British-American author Michael Davies‘ first novel in his new “World of Pangea” trilogy: “Path of the Warrior” – out now via Inspire Fiction (ISBN# 1508638675)- blends elements of classic high fantasy with historical fiction in an exciting new presentation.


But how does World of Pangea: Path of the Warrior actually stack up?? Read on to find out!

Let’s just get the technical stuff out of the way here. So, let’s start with punctuation. It’s important. There were many places where comas where misplaced. This made for some pretty strange reading in places. Chapter breaks. Chapter breaks. Chapter breaks. There were so many places where a break was needed, yet the story trudged on through. Many chapters were without them. With the 11-point font (which wasn’t exactly easy on the eyes) a few more easily placed breaks wouldn’t have so amiss. Four simple words (and this goes for any writer out there) Hire. A. Good. Editor.

Seriously, that’s probably the single biggest problem with 90% of self-published and/or small press published books out there today. They lack a good editor. This book most certainly needed a better one.

Now, on to the story.

Never have I read someone so determined to be like Tolkien without wanting to fall into the Tolkien trap. Over descriptiveness! Davies tries to weave a Middle Earth-like realm, but falls just a bit short. Sure, some of his creatures are interesting, but their descriptions leave something to be desired. For example, the “behemoth” which sounds a lot like an ankylosaurus in that it’s large, has a hard back, and a club with spikes on it for a tail. So, it’s a dinosaur still alive in the time of man. Interesting. Then, there’s the Chanoth, which sounds like a melding of a horse (long mane and tail) with a deer (longer than a man but short, has two long curving horns) and a unicorn (the horns glow). Cute, but not overly impressive. It reminds me of something out of Greek mythology. Which, for the life of me, I can’t remember. Then, there’s the description of the forest. A bare minimum at best rather than the long rambling descriptions of Tolkien. I think Davies must’ve feared becoming too descriptive, so he described too little. Conversely, he spent entirely too much time describing the everyday life of the Silures, the Native American type of people that the story centers around. Way too much time on the subtle nuances of their culture. The first three chapters is dedicated to just them and their way of life, including some of their history and their customs. While I’m sure it might be fascinating to people who love cultural studies, it’s not going to hold the attention of many modern fantasy readers.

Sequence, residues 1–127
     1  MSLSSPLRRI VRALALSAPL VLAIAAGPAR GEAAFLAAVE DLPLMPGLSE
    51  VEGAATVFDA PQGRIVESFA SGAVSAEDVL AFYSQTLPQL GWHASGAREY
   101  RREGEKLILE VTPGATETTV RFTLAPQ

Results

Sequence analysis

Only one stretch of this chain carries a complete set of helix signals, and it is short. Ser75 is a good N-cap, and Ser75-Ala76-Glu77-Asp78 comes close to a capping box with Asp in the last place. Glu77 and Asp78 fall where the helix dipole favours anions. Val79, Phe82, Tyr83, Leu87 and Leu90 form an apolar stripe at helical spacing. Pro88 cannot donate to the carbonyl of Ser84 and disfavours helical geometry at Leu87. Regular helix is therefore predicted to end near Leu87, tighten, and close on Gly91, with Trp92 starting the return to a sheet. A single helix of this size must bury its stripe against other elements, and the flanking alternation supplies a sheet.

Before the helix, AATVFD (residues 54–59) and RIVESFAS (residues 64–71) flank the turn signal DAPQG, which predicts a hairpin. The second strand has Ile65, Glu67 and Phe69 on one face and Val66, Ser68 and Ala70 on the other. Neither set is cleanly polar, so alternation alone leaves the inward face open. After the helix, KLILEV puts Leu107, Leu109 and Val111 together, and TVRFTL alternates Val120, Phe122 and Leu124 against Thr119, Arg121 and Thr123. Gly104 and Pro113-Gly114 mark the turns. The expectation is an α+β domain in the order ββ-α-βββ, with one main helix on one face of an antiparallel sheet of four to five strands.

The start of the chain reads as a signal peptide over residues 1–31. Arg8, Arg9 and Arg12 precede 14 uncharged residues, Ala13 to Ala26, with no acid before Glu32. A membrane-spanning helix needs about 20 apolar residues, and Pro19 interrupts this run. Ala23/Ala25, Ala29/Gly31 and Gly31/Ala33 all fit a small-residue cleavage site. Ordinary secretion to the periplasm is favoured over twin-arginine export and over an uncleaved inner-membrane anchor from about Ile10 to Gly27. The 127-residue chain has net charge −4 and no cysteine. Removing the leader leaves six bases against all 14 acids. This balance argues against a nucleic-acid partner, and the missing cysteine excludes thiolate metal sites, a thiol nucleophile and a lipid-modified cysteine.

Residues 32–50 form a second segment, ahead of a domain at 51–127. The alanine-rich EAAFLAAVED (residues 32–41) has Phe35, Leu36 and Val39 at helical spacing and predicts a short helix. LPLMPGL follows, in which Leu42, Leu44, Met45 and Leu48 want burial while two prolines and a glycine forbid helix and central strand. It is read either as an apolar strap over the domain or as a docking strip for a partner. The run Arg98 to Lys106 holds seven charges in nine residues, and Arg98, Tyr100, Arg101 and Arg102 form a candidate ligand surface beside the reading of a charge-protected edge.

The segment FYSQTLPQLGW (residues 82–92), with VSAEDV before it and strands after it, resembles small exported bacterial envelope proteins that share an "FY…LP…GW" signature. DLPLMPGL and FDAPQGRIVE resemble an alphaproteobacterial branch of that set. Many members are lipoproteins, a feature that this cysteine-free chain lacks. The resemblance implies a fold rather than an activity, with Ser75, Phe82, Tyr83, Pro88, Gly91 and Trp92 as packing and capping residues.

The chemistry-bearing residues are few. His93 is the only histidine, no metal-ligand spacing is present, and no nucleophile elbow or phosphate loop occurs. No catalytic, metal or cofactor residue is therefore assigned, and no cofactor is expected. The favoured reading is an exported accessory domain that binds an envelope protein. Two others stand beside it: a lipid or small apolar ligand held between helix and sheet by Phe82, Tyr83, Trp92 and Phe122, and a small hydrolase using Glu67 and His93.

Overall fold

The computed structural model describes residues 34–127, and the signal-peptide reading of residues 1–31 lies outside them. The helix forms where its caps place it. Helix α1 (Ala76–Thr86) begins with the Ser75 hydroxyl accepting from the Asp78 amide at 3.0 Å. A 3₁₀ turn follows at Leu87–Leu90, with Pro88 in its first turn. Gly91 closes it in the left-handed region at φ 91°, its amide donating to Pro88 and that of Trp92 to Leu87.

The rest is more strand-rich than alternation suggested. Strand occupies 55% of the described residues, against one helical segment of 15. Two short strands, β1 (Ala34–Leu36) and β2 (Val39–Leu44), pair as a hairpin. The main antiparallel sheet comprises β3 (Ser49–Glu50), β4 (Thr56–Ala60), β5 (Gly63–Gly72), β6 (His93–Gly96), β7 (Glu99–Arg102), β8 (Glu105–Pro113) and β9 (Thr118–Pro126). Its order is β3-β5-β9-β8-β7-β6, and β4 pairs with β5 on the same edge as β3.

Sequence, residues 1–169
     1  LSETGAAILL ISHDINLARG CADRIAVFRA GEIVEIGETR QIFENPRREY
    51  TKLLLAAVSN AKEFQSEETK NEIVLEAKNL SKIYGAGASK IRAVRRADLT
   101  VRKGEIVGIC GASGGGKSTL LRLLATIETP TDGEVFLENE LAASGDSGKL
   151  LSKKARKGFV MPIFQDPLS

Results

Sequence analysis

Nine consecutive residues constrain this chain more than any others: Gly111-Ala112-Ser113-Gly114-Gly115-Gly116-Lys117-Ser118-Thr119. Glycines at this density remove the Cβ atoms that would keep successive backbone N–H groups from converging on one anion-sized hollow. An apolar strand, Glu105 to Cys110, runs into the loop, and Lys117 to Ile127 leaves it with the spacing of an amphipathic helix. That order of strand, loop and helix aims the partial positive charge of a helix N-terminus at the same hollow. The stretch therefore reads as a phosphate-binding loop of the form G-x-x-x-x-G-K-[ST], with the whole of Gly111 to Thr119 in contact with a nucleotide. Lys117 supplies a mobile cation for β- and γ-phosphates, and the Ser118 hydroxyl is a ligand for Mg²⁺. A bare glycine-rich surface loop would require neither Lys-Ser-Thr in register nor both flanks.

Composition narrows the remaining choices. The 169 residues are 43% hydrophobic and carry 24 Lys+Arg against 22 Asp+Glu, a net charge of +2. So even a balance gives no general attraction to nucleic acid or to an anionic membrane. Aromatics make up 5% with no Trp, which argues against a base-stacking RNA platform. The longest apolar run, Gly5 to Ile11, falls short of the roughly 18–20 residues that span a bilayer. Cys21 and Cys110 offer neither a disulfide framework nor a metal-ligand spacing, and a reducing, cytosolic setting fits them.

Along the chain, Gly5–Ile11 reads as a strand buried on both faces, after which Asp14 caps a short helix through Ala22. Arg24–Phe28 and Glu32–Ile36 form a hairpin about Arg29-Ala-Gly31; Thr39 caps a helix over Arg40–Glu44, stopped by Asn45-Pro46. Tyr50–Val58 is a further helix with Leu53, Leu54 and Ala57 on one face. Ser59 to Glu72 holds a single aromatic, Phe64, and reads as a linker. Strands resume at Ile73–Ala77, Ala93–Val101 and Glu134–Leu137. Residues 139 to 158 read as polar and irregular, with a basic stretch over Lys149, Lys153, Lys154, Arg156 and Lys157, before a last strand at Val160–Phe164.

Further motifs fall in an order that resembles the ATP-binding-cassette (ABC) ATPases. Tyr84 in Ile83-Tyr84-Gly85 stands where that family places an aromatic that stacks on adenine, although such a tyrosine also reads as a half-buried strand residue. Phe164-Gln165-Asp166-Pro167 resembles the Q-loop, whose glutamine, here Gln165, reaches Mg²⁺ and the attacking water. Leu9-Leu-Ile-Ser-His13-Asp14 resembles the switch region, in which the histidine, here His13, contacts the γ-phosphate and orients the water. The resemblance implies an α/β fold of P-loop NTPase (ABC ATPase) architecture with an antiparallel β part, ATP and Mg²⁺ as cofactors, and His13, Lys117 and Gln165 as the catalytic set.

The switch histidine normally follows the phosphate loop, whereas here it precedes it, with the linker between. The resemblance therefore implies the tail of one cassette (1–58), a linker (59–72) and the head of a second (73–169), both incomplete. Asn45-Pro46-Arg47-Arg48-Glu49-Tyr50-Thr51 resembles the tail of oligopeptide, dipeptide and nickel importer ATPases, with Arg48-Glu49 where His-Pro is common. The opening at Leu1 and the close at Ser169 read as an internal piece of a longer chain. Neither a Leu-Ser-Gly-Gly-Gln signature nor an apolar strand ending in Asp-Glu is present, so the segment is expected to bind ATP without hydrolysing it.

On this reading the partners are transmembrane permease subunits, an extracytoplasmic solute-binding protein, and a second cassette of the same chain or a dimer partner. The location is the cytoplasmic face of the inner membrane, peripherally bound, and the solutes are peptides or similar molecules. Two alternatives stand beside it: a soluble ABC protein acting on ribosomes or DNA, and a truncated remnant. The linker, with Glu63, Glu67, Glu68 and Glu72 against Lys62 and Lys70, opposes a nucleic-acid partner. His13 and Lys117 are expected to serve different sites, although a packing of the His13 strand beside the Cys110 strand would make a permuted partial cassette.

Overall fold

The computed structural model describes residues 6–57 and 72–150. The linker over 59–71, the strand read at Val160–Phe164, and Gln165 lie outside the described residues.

Let’s move on to the main character and his quest. Enter Idris, a member of the Demetae tribe of the Selures. We meet him when he turns sixteen and is about to undergo his right-of-man test. Frankly, I think Davies makes him too foolhardy and naïve during this test. He wants to attack a behemoth by himself, even though he knows it usually takes four or five full grown men to bring one down. Yet, this experienced hunter would be foolish enough to attempt it alone? His first night out, he falls asleep in a tree and barely escapes being eaten by a wild cat, which he wounds but does not follow to finish off. Instead, he falls back asleep until he is awoken by Davies’ version of an elf, the Estronaidd. Tall, lithe, immortal, with a sing song language and voices that soothe and are akin to birds. Their voices have healing properties, too. Sound familiar? For them, words are powerful instruments that force change upon the world, so they rarely speak unless they wish to change or shape something. They live in a hard to reach place that, if an unwanted or uninvited person tried to gain access to their stronghold, they would become confused and wander off in the direction they came. I think someone read “Harry Potter and the Goblet of Fire” as this sounds exactly like the enchantment used around the quidditch arena at the beginning of the book. Moving on.